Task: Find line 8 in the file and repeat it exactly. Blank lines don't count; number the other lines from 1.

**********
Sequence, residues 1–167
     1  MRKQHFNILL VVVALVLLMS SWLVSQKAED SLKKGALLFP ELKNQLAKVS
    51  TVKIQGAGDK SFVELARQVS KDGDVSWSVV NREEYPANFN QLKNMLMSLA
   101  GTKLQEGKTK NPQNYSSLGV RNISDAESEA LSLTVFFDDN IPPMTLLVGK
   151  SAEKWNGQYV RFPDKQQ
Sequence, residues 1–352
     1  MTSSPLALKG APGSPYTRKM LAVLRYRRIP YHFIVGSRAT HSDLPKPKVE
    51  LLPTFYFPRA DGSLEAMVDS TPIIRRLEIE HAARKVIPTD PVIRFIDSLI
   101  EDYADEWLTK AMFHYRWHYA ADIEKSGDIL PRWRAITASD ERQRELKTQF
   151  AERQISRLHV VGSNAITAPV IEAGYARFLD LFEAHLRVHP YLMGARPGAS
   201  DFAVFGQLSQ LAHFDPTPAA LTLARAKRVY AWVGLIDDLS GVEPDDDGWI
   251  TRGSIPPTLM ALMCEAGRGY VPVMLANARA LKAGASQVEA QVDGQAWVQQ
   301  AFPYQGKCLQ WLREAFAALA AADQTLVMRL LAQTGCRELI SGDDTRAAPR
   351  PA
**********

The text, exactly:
    51  LLPTFYFPRA DGSLEAMVDS TPIIRRLEIE HAARKVIPTD PVIRFIDSLI